This gives you a cohesive, balanced class with a distinctly non-magic playstyle. You're still useful to the party and have plenty of options, but you fit within the rules and don't require a whole host of homebrew or special exceptions. I'm confident that you could do something similar with any of the other playstyles that I listed above, or just about anything you can come up with. Re-flavoring existing classes without changing balance is one of my favorite things to do in DnD.

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  • \$\begingroup\$ Comments are not for extended discussion; this conversation has been moved to chat. \$\endgroup\$ – mxyzplk Dec 22 '17 at 13:50
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There are no current classes like this

You can have options within other classes (like Rogue) that offer a lot of non-combat utility, but those skills are not based off of Intelligence. If you're looking for an Intelligence based class, your options are very limited and all encompass the things you don't love about them.

Sadly, the only Intelligence based classes are Wizard and the UA Mystic and Artificer.

The Artificer gives some good INT-focused utility even though it is still somewhat magical.

Published in a January 2017 Unearthed Arcana, the Artificer provides a couple options, but not all of it's combat is INT based (some are DEX). While still relying on magic to either concoct alchemical compounds, create magic-infused bullets, or make magical engineering marvels, the Artificer does give some different options than being a wizard.

Another option: skill focus

With ideas like Rogue, or even other classes, you can still focus and pick INT-based skills. The nice thing with Rogue (or Bard) is the ability to gain expertise in a lot of skills that really put you over the top in doing well when it's time to roll. It may mean sacrificing other stats that may be more core to the class, but it will let you turn it into the type of character you want to play.

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There are currently no classes than rely on Intelligence in combat beyond the Wizard (or Artificer) and the Eldritch Knight / Arcane Trickster options, which all fall into the "Magic" category than you wish to avoid.

The best available option then is the Inquisitive rogue subclass. Although this class would still focus on Dexterity in combat, it receives several bonus directly linked to Wisdom and Intellect checks used (both in and out of combat).

This subclass would allow you to focus on intellect and have it make a tangible increase to your characters usefulness to the party. However the majority of its use would be outside of combat and focusing on intellect could reduce combat effectiveness. Wisdom gets even more bonuses from this class, and while thats not what your after it might fill the niche your looking for.

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    \$\begingroup\$ Both the Mastermind and Inquisitive heavily key off of Charisma and Wisdom (either through persuasion, deception, or perception). You can have a dump stat in INT and still excel in either of those classes. \$\endgroup\$ – NautArch Dec 20 '17 at 21:19
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    \$\begingroup\$ The Inquisitive is the only subclass that offers non-magical class features that key off of Intelligence, even if they also have features that key off of Wisdom. \$\endgroup\$ – nick012000 Dec 21 '17 at 8:23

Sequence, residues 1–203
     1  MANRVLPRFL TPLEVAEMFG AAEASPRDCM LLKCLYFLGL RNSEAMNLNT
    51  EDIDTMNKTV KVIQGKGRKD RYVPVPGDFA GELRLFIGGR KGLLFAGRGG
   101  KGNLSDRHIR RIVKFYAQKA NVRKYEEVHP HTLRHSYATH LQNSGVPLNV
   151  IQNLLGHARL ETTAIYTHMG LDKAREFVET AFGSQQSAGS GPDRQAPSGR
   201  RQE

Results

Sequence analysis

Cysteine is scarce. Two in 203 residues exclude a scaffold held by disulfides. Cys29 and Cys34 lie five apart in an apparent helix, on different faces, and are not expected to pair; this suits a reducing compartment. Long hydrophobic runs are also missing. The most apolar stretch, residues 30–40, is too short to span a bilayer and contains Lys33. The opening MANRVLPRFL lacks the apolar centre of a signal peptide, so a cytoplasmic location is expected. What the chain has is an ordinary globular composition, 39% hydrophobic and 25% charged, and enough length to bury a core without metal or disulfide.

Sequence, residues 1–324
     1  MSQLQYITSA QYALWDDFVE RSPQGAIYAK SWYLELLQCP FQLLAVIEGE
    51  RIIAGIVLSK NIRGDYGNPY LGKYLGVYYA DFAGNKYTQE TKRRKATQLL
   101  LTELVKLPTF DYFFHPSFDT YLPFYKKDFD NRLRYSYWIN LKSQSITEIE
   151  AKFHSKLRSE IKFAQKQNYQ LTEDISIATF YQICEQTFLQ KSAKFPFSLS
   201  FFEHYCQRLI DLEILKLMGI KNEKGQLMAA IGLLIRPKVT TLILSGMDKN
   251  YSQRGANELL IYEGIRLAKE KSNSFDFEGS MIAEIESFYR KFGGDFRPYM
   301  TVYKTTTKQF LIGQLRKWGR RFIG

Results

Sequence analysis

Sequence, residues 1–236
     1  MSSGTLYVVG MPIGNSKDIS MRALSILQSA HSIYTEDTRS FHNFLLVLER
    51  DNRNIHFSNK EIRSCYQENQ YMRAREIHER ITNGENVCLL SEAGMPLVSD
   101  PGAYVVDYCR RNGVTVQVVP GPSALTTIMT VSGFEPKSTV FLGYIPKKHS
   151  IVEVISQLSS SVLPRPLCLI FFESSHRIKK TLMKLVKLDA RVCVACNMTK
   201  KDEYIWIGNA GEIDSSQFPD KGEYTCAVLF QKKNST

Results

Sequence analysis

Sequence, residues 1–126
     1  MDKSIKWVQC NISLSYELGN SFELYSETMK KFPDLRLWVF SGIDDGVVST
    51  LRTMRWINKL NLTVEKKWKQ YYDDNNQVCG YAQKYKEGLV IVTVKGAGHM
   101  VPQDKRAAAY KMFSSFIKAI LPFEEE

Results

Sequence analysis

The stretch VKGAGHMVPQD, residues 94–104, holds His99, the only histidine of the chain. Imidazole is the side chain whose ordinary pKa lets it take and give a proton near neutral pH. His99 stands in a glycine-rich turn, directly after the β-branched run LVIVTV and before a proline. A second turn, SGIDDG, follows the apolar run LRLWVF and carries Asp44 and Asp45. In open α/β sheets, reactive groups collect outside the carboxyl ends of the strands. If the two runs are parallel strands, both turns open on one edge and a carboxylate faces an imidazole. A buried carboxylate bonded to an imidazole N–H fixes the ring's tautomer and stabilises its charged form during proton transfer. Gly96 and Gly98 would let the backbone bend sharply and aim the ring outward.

• \$\begingroup\$ The mastermind heavily uses Charisma but the Inquisitive has no direct bonuses to it. Inquisitive favours wisdom more than Intellect but it remains the only option that gives tangible bonuses to non-magical Intellect uses. Inquisitive is more about finding clues or seeing lies than about persuasion. Edited to reflect OPs revision. \$\endgroup\$ – Baergren Dec 21 '17 at 14:41
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(Battle Master) Fighters can make good Intelligence based characters

Disclaimer : this answer presents you with one option, but there are other (maybe better) possiblities. This option requires DM collaboration, as it's a non-standard way of playing.

Your goal is to play a character who focuses on Intelligence without being an actual spellcaster. A high Intelligence, when not used for spellcasting, gives better Investigation, History, Nature, Arcana and Religion checks (and better Intelligence saving throws, but these are rather rare). It also gives a better chance to remember details from previous sessions ("Memory" checks). Your goal is to have a more-than-roleplay-only purpose, so you probably want to make a use of these skills for combat-related purposes. In other words, you want a mechanical, non-magical advantage to having a high INT score.

So, of the 12 classes, we can eliminate those with spellcasting or other supernatural power : Bards, Clerics, Druids, Paladins, Rangers, Sorcerers, Warlocks and Wizards. We can also eliminate Barbarians, whose general playstyle is often considered "mindless", especially when they rage. Monks can be discarded as well, as they mainly focus on the Wisdom mental ability, which is not what you seek there. This leaves us with Fighters and Rogues. Another answer already focuses on Rogue archetypes that would fit your needs, so let's focus on Fighters here.

I am aware that Fighters in general don't have class features that use Intelligence per say. However, Fighters, unlike Barbarians, focus on tactics more than brute strength to win fights, and as explained below, a good Intelligence can give you better tactics, thus befitting the class's efficiency.

There are currently 7 Fighter Archetypes : Champion, Battle Master, Eldritch Knight, Purple Dragon Knight, Arcane Archer, Cavalier and Samurai. Eliminating Eldritch Knight and Arcane Archer because of their supernatural powers, that leaves us with 5 choices. This answer focuses on Battle Masters, which are, by definition, specialized in controlling the battlefield, and thus more fit to command, lead and make tactical decisions, all of which can benefit from a good Intelligence.

Skill checks

Below are ways for a (Battle Master) Fighter to benefit from good Intelligence checks in (preparation of a) battle :